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United States Patent 5,138,760
King August 18, 1992

Pole splicing joint method


This invention is a pole splicing joint construction and method of making the same and consists in initially preparing the upper end portion of the lower pole section to produce a splicing section having an abutment shoulder for the lower end of the upper section. This abutment shoulder is formed at the bottom of the splicing section of the lower pole section which has an outer abutment ring surface lying in a plane oriented substantially normal to the axis of the lower tube section.

Inventors: King; Gary P. (Richfield, MN)
Assignee: Lexington Standard Corporation (St. Paul, MN)
Appl. No.: 669481
Filed: March 14, 1991

Current U.S. Class: 29/525; 29/235; 29/897.33
Intern'l Class: B23P 019/02
Field of Search: 29/897.33,505,525,235 285/382

References Cited
U.S. Patent Documents
2808135Oct., 1957Moran29/897.
3071214Jan., 1963Steinbichler29/897.
3148440Sep., 1964Kojac29/525.
3210102Oct., 1965Joslin29/525.
3953906May., 1976Brown29/525.
4280268Jul., 1981Gordon29/469.
4415387Nov., 1983Newman29/525.

Primary Examiner: Eley; Timothy V.
Assistant Examiner: Martin; C.
Attorney, Agent or Firm: Adams; John W.


What is claimed is:

1. A method for producing a telescoping splicing joint between upper and lower elongated tapered hollow pole sections each having upper and lower portions with the upper portions of the sections being smaller in diameter than the lower portions, and wherein the upper end portion of the lower section is somewhat larger than the lower end of the upper section whereby a continuous uniform taper is produced by an end-to-end positioning of the two sections, said method including

reducing the diameter of the upper end portion of the diameter lower section in spaced relation to the upper end thereof to form a splicing section having a diameter to produce an interference fit when received in the lower end portion of the upper section,

producing a circumferential abutment shoulder at the lower end of the splicing section,

beveling the inner portion of the lower circumferential end of the upper section,

inserting the reduced splicing section into lower end of the upper section, and

abutting the lower beveled end of the upper pole section against the abutment shoulder.

2. The method set forth in claim 1 wherein said circumferential abutment shoulder is formed by producing a circumferential recess in the lower splicing section whereby the lower end of said recess produces the abutment shoulder which is generally normal to the axis of the two pole sections.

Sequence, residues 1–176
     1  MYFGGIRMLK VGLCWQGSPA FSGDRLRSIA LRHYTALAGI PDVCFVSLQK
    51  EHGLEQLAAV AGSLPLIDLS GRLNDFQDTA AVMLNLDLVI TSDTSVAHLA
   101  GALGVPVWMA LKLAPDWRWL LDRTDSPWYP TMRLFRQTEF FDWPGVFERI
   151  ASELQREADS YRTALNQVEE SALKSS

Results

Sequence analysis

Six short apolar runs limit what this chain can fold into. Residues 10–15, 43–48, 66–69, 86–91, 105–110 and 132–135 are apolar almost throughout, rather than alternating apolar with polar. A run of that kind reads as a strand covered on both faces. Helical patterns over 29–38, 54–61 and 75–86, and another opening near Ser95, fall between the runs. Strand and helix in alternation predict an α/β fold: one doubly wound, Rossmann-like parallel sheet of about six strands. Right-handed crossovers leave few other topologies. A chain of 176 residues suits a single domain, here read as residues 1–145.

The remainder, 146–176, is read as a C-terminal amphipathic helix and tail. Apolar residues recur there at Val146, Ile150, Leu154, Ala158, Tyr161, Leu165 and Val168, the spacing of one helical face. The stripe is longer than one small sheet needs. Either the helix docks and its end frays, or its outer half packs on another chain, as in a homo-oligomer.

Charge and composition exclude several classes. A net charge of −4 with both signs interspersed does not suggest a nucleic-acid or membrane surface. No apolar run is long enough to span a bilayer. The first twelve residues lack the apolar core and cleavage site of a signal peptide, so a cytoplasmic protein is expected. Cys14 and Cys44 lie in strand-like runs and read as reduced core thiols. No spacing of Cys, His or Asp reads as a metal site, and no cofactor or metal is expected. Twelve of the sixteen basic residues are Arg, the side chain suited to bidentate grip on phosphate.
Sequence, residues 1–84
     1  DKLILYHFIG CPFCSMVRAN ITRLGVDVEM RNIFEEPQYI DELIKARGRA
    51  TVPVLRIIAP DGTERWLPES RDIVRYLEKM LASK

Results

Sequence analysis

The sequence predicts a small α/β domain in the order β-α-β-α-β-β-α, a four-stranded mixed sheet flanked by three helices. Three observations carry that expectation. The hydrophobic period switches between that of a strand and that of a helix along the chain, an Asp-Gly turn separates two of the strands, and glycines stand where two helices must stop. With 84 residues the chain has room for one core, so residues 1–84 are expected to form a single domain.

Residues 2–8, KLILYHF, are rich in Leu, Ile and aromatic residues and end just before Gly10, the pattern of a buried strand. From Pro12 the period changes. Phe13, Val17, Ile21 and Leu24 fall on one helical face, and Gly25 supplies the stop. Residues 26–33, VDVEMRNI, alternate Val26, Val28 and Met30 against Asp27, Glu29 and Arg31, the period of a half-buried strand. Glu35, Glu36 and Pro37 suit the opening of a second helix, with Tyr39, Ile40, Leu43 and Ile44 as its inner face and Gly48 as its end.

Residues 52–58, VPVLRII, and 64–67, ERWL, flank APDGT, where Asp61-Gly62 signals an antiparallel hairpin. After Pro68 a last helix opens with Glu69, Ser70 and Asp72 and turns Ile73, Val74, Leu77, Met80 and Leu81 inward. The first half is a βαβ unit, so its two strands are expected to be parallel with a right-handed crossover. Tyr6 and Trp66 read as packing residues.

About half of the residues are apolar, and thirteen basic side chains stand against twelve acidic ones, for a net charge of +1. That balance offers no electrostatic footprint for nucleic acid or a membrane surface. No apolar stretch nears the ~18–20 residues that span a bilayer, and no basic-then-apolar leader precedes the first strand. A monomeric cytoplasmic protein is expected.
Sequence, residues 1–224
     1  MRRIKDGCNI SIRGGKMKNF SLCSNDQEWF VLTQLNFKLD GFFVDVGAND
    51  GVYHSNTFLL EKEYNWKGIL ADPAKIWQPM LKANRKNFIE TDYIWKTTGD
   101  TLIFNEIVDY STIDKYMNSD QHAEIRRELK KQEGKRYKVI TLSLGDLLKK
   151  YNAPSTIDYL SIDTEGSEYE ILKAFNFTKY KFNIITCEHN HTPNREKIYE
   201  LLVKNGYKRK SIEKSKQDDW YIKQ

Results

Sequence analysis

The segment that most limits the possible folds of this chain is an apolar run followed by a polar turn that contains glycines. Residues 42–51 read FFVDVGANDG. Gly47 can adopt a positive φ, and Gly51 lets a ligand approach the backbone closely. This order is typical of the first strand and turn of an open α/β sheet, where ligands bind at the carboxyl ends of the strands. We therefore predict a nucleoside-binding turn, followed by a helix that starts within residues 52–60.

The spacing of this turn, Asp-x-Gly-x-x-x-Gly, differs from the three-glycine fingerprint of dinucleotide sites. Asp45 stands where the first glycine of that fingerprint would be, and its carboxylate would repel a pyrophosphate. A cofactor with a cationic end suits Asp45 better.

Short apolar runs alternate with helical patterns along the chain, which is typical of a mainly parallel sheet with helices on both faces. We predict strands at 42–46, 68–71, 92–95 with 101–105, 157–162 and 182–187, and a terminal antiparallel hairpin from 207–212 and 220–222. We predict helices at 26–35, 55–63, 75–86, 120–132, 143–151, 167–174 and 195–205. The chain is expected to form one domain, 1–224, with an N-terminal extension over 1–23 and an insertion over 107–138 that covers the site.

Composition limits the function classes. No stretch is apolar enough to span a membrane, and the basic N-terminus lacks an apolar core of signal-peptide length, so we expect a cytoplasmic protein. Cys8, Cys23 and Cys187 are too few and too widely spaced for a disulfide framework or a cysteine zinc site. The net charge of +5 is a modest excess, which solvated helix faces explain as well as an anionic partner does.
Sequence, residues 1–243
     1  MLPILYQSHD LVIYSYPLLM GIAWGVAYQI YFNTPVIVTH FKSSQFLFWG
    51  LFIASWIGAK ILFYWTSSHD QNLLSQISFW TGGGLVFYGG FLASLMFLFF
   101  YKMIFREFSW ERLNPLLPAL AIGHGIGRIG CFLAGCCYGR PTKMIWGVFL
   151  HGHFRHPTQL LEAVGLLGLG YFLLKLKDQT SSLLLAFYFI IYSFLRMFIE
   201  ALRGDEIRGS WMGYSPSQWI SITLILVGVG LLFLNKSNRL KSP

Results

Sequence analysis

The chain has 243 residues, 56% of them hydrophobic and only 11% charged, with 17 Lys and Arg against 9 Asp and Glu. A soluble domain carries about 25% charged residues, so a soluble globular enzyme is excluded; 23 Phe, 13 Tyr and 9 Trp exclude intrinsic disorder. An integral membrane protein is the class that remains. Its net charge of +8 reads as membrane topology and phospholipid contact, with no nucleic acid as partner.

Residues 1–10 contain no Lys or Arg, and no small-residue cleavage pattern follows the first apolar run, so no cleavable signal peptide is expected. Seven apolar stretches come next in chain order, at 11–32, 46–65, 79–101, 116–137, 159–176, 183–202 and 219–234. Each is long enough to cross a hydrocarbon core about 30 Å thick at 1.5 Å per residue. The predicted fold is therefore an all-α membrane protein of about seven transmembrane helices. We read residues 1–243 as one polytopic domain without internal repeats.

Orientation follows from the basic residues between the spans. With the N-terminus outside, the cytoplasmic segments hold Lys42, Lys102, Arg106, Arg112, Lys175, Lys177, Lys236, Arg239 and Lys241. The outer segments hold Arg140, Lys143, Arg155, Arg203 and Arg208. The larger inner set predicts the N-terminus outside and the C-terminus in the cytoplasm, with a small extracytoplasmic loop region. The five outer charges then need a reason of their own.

3. The method set forth in claim 2 wherein the radius of curvature producing the abutment shoulder is less than 3/8th inch.


For years, it has been a problem to ship long poles such as flagpoles and light poles for highway lights. For this reason, these poles have been cut into two sections. The poles are of tapered design, and this accentuates the problem of splicing the two sections together. The problem is not only one of positively splicing the poles together with sufficient strength to withstand the stresses produced by high winds but is also an appearance problem. The poles are usually made of aluminum and are frequently anodized, which requires uniformity of chemical composition to produce a uniform color coating. The industry has worked continuously for more than thirty years to develop a connection joint which will be substantially invisible when completed.


A present method for producing this joint includes the use of a splicing sleeve which is partially inserted into the upper end portion of the bottom section and is securely anchored therein by the use of a pair of cross pins welded in place. A portion of the sleeve extends outwardly from the end of the section for insertion into the upper section to be joined. The connection between the exposed portion of the splicing sleeve and the upper pole section must be made in the field. This requires preparing the upper section by trimming the lower end, which reduces the diameter of the connecting portion because of the tapered configuration and insures a positive fixed connection with the exposed end of the splicing sleeve when the final splice is made in the field by forcing the bottom of the upper section onto the sleeve until the ends of the two pole sections are abutted to produce the desired hair line joint. In order to insure that the two abutted ends of the two pole sections are in precise registration. The cut-off ends are indexed by embossing an index line so that any cutting irregularities in the cut-off edges will be matched and the mating abutted edges of the two sections will produce a tight hair line butt joint when joined together.

Obviously, this method of splicing the two ends together is expensive and difficult to produce and has the inherent problem of producing the exposed weld at the ends of the connecting cross pins which are clearly visible even after surface finishing, because the composition of the weld material is different from the composition of the pole and produces a different color when the finished outside surface coating is applied as by an anodizing process or by applying some alternative permanent coating process.